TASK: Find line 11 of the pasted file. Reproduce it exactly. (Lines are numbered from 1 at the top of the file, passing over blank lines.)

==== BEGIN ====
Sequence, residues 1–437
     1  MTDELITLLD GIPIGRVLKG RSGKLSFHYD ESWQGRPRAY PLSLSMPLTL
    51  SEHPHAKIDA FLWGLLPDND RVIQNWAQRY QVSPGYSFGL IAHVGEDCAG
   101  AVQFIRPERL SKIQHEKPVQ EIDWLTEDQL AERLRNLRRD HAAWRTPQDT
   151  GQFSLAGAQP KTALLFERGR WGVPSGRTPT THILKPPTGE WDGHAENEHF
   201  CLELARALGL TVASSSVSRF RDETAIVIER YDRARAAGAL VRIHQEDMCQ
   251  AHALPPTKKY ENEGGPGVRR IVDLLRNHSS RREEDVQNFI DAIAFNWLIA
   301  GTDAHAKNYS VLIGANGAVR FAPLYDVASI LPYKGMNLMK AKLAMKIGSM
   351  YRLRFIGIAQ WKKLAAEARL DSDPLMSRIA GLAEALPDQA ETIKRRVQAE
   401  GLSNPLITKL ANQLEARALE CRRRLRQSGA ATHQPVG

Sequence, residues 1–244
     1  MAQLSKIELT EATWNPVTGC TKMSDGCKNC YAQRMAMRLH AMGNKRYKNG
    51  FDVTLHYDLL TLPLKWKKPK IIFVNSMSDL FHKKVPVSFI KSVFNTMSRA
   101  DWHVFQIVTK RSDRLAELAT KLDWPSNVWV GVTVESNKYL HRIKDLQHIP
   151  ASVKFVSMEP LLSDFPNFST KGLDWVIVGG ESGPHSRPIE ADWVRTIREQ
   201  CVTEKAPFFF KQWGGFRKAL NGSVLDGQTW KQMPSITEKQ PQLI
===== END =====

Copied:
Sequence, residues 1–244